I've been getting a ton of hits on my sitemeter lately on a particular post about my Shirley Temple. Are Shirleys back in vogue? Maybe. So, gentle readers, by popular demand, this is a re-post of Flying Shirley, originally posted in February of 2009.
When I was a little girl, I adored throwing my dolls in the air. The most fun, was tossing the baby Jesus from my grandmother's nativity set, complete with permanent plastic swaddling clothes, as near the ceiling as possible. To Grandma, this little fetish was entirely disrespectful. Like Queen Victoria, she was not amused, and promptly ordered me to stop, which I did, until she was safely out of the room.
I often dreamed of flying, myself, running fast as I possibly could in the grass, until my feet miraculously left the ground. It was exhilarating, drifting, wind in my face, arms out like Peter Pan, with an aerial view of my house and yard. I've heard it said to dream of flying is a sign of creativity, or maybe it was simply my childish craving for autonomy.
One Michigan summer day, a five year old me was doing my favorite Shirley Temple doll a favor, by sharing with her the thrill of flight. Higher and higher she flew, until she landed with a thud on the roof. I was mortified. Shirley, up there on the blazing asphalt, was more than I could bear. I begged my parents to rescue her, but to no avail. Fall came, and by November she was covered with a heavy blanket of snow. All winter, I imagined my Shirley, cold and abandoned on the roof.
With the arrival of spring, my father, anxious to see a ball game, climbed on the roof to adjust the TV antenna. He descended with a treasure, my beloved Shirley. Her ringlets were frizzled, one of her eyelids hung partially shut, and she had lost that curious, intoxicating scent of new plastic. I had never seen anything so lovely. I never again dreamed of flying.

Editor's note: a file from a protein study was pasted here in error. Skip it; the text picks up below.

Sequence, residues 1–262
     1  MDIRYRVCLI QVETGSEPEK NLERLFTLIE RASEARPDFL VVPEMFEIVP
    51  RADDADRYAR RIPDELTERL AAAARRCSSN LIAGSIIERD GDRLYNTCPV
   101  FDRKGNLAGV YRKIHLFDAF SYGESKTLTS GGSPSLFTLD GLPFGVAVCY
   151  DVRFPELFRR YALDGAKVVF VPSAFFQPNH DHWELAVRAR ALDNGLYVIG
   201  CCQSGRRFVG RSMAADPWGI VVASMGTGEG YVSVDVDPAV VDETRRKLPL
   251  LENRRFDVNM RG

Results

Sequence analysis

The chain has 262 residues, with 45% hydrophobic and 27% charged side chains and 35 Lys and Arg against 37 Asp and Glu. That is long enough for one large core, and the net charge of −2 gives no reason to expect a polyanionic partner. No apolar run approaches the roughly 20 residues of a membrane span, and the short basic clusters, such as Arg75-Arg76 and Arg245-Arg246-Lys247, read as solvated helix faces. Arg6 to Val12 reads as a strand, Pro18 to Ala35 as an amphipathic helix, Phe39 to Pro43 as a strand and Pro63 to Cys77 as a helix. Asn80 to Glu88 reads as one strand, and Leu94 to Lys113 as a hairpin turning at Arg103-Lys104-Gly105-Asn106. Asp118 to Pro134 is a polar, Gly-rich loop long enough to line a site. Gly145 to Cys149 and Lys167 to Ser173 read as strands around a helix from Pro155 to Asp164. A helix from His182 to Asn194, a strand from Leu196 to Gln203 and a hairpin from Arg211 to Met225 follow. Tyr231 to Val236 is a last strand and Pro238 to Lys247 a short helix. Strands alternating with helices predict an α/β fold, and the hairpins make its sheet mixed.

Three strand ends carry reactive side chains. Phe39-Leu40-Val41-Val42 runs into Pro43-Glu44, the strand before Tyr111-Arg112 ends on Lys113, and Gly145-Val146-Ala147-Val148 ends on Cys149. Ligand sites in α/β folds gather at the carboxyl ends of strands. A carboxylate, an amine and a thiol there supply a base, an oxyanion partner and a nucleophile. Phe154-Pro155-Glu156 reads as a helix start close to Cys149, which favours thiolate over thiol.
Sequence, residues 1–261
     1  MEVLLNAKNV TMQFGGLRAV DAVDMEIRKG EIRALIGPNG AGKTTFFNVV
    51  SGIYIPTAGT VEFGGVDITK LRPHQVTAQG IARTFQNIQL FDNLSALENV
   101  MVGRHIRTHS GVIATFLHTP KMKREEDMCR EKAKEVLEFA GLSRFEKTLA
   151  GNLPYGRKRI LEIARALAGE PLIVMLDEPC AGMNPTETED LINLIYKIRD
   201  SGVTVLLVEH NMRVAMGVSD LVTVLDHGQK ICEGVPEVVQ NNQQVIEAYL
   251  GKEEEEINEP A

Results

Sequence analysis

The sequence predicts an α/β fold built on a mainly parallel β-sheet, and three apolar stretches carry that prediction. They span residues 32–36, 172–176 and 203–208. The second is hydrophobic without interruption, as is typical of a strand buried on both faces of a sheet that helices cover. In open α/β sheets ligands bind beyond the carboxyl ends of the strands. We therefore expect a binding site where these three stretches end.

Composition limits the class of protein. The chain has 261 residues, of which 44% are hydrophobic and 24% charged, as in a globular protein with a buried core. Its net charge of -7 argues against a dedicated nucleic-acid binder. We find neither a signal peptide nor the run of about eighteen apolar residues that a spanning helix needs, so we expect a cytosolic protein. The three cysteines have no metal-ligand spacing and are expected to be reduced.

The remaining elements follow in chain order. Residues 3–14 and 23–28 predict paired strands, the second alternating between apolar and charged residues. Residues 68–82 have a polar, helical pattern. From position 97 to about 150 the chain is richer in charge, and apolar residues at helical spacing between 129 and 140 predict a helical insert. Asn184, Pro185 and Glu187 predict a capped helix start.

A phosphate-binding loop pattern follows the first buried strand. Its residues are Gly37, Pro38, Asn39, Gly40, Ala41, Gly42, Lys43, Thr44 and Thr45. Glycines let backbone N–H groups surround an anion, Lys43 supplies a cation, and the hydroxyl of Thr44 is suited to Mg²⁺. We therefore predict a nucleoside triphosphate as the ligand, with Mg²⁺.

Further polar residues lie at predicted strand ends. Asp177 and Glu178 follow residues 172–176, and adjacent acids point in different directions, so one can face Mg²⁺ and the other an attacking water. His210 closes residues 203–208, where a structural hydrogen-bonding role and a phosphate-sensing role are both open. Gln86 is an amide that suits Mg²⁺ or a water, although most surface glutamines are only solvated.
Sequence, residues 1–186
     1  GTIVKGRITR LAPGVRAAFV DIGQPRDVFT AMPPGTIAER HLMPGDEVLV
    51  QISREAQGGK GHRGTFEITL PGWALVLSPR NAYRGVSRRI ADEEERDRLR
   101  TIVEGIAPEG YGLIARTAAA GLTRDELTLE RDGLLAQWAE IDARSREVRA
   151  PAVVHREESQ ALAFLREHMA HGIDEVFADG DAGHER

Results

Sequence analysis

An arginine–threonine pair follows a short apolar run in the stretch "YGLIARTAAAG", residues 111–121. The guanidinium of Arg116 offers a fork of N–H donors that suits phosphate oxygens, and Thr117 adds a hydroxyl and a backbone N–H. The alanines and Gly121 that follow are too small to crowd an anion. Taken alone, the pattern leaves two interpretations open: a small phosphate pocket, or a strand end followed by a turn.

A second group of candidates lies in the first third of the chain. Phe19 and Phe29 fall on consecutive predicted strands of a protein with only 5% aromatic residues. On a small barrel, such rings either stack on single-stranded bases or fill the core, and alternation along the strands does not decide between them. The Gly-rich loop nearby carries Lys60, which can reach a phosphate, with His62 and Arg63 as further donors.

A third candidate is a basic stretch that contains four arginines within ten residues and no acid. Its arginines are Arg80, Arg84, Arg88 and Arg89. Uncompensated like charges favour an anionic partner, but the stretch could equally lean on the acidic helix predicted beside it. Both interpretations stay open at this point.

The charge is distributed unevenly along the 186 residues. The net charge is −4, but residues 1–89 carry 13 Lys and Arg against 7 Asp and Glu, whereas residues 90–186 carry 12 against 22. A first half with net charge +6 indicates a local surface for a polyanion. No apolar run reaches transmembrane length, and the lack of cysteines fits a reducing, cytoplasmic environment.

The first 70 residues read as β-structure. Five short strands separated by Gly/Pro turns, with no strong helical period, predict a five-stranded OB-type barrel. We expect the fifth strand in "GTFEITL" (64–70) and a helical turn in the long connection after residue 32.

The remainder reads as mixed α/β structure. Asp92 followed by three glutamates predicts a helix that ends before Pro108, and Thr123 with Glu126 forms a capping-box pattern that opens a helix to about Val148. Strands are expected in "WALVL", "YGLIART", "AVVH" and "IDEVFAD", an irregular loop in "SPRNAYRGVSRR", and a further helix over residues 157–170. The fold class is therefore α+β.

Head of a Doll by Charles Simic
|my flying Shirley|
Whose demon are you,
Whose god? I asked
Of the painted mouth
Half buried in the sand.
A brooding gull
Made a brief assessment,
And tiptoed away
Nodding to himself.
At dusk a firefly or two
Dowsed its eye pits.
And later, toward midnight,
I even heard mice.
In the 1930s, the lovable little Shirley Temple became a symbol of happiness and hope in the midst of the Great Depression. A wave of merchandising followed, including a series of high quality Shirley Temple composition dolls (composition is a sawdust-based wood pulp, which can crack easily, so many did not survive). Later, in the 1950s, Shirley Temple dolls were made of vinyl and are therefore more common. Celebrity dolls have been in production for a long time. In the 1840s, several famous ballerinas were featured as paper dolls. Also in the 1800s, various military heroes were portrayed as dolls/figures. John Bunny, the silent film star, was one of the first dolls produced in 1914 by Louis Amberg & Sons, and the first Charlie Chaplin doll was produced in 1915. The Shirley Temple doll by Ideal was a wild phenomenon in the 1930s, and would go on to be one of the most successful celebrity dolls in history.
Note: My daughter looked so much like Shirley Temple when she was a little girl. In fact, she is still fondly known to one particular maestro as "Curly Top". I guess you could say I've been blessed with a real live Shirley doll of my very own.